Small business uncertainty
Across the country, small business owners are becoming more and more familiar with a feeling of paralysis. Paralyzed by fear, uncertainty, misinformation, and a general sense of swimming upstream, many are finding it difficult to make the important decisions that will shape their business and personal futures.
What does new tax legislation and the Patient Protection and Affordable Care act mean for my business? What will happen if those in Washington don’t see fit to set aside their personal agendas for the goodwill of the country? What would a government default or extended furlough mean for my business and our economy?
When consulting with small business owners on financial decisions, these questions arise constantly, and it is apparent that people are afraid. If they aren’t at least slightly afraid, they’re probably not paying attention. If you own a small business, you may relate to their fear.
What I’m about to propose may surprise you, then. I recommend that you stop. Stop paying attention. Stop listening to the talking heads and doomsday predictions. Stop listening to the various predictions of outcome and speculation as to the dire effects of each possible result.
Why should you stop paying attention?
It sounds counterintuitive, doesn’t it? After all, those who are informed typically fare better than those who aren’t. Therefore, you should remain informed and do your best to stay current with the facts.
But is it possible to be informed and to stop paying attention, and if so, why would you? People I know who have given it a shot can tell you that it is. These successful people would also tell you that they are no less worried, afraid, or interested than anyone else.
What sets them apart is their realization that paying attention is an action, a (sometimes) conscious effort. The more aware you are of it, the more you can choose what you pay attention to. And what you choose to pay attention to shapes your reality, your attitude, and your outlook for the future. These people continue to be successful because they realize that no matter what the government does, they’ll find a way to deal with it until they can’t, and no matter how challenging things get down the road, they’ll be better off if they stayed focused on doing the best they could with the hand they were dealt at any given time. They know that they can only accomplish this by focusing on the things they can control, so they set their attention on the activities they know will produce a positive outcome.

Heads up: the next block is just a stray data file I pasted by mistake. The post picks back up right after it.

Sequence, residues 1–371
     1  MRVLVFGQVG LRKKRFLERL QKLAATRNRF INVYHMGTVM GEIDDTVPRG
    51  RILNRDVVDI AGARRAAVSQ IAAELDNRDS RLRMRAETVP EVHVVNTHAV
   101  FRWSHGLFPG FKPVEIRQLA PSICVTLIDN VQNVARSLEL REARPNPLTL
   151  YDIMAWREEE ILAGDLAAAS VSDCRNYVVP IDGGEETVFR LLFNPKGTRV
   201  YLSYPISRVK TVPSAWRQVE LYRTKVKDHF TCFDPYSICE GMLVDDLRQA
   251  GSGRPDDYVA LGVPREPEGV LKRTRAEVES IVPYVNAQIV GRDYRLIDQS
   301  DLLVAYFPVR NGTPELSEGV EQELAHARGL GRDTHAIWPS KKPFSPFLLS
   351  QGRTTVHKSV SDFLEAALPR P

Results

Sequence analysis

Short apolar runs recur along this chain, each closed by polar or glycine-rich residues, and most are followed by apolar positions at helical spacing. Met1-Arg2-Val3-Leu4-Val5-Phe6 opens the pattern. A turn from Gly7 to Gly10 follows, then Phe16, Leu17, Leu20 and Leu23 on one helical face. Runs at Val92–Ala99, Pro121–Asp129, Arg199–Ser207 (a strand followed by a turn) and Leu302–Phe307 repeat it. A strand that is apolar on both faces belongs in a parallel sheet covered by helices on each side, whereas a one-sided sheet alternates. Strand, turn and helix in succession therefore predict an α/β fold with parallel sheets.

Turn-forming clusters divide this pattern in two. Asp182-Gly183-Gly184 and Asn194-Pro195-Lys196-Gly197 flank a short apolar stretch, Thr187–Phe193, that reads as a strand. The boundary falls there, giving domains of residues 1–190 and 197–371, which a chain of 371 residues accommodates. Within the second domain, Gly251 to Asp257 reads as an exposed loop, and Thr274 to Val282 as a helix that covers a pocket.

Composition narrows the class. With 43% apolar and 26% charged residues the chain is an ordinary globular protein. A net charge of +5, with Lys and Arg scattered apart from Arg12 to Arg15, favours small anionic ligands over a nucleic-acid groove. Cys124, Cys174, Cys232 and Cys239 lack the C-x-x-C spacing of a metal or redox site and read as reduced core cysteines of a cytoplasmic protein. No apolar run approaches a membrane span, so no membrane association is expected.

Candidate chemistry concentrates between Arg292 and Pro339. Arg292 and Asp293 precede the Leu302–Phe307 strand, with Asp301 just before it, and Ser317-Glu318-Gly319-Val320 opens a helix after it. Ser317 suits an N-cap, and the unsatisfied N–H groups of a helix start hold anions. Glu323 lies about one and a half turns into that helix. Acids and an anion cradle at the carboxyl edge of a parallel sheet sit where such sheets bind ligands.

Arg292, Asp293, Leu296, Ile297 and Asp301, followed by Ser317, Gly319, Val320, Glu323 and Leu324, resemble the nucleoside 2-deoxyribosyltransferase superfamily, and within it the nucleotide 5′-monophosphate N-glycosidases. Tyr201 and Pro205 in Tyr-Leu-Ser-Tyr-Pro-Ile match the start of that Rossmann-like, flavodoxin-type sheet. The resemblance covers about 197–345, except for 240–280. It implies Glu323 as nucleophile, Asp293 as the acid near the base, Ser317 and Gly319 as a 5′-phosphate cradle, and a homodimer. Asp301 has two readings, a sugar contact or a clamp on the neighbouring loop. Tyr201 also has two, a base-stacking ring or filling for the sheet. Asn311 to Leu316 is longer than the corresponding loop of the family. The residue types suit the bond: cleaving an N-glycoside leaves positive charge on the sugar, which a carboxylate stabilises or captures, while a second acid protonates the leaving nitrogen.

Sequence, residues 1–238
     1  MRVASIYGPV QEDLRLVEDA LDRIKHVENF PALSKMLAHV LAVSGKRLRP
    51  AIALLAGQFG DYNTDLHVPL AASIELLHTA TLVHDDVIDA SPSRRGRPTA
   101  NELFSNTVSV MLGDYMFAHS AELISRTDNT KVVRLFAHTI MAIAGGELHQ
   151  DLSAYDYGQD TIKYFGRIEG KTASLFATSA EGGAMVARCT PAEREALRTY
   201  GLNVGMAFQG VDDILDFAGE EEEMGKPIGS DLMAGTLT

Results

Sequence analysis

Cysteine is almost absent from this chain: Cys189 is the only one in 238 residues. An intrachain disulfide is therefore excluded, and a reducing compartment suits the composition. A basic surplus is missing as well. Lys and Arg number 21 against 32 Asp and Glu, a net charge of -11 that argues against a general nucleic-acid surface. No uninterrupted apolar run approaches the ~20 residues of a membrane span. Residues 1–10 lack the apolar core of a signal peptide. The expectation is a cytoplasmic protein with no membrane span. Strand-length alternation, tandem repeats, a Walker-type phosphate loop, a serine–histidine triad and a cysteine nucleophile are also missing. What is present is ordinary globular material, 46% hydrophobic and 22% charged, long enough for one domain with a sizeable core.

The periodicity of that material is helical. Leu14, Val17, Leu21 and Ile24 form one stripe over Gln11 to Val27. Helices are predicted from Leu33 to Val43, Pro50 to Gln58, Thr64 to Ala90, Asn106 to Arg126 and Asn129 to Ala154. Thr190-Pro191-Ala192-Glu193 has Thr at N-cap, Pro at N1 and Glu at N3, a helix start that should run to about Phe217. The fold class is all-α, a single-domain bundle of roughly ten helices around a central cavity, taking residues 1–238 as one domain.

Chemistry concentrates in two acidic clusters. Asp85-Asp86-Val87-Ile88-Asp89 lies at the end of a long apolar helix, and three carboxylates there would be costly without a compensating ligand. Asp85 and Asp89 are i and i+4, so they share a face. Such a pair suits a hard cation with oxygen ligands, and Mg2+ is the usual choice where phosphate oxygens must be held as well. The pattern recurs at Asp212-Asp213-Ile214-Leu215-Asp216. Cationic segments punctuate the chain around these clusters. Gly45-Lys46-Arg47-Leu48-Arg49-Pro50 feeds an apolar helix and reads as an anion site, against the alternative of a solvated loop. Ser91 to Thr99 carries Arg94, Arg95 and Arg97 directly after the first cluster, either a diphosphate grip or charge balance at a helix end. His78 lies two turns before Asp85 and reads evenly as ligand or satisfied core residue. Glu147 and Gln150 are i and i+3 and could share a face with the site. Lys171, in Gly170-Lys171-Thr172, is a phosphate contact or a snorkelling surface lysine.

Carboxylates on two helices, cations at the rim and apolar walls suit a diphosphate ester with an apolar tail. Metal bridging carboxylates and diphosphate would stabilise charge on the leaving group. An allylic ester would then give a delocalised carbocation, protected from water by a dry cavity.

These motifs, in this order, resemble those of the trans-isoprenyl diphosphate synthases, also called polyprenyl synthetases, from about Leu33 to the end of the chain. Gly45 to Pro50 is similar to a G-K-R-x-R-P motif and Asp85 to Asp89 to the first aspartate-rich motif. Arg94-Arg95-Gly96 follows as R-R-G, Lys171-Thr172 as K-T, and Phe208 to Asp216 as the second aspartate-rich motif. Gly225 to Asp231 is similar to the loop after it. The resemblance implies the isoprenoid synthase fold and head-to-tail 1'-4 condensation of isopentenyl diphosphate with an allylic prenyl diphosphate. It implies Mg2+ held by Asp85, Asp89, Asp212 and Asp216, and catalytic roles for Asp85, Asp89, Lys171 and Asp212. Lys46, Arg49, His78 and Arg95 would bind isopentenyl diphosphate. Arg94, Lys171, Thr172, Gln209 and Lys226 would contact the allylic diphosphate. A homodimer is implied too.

Setting your business apart
Small business owners have limited control over market forces. Supply and demand will always win, and consumer sentiment matters now more than ever. The majority of us cannot control tax legislation or industry regulations. What business owners can control is how they face challenges, how they treat their employees and how their customers view their company.
How customers view the people who run a company, and how they view their relationship with a company, its people and products are some of the factors that set businesses apart. Setting your business apart from the herd is increasingly important in constricted, commoditized economies like the one we are experiencing today and could see for some time.
Adapting to changes
Many of us are in business because we want to improve the world in a certain way, the only way we know how. When it comes to federal governmental policy, however, the truth is that the vast majority of business owners don’t have the time, resources, or power to directly affect outcomes. Changes will come down the pipeline, and we’ll have to learn how to adapt. It may be painful, and it will most likely be inconvenient.
Most business owners will probably have to pay people or other companies to help us navigate whatever changes come down the line, whether that fits into our plan or not (and it should). Some businesses may be pushed out, and some will be replaced by new organizations who realize that with every challenge comes an opportunity.
The fact of the matter is that we don’t know the future, and we can’t control it. So why waste your time and resources fretting the unknown? Your concerns are valid and you are right to stay informed. You are right to be a little afraid. But learn from those who are forging ahead and making their businesses stronger than ever, knowing that strength and focus are key to their survival. Follow their lead, and no matter what happens over the coming months and years, I assure you that you’ll be better off than those who chose to remain paralyzed by fear of the unknown.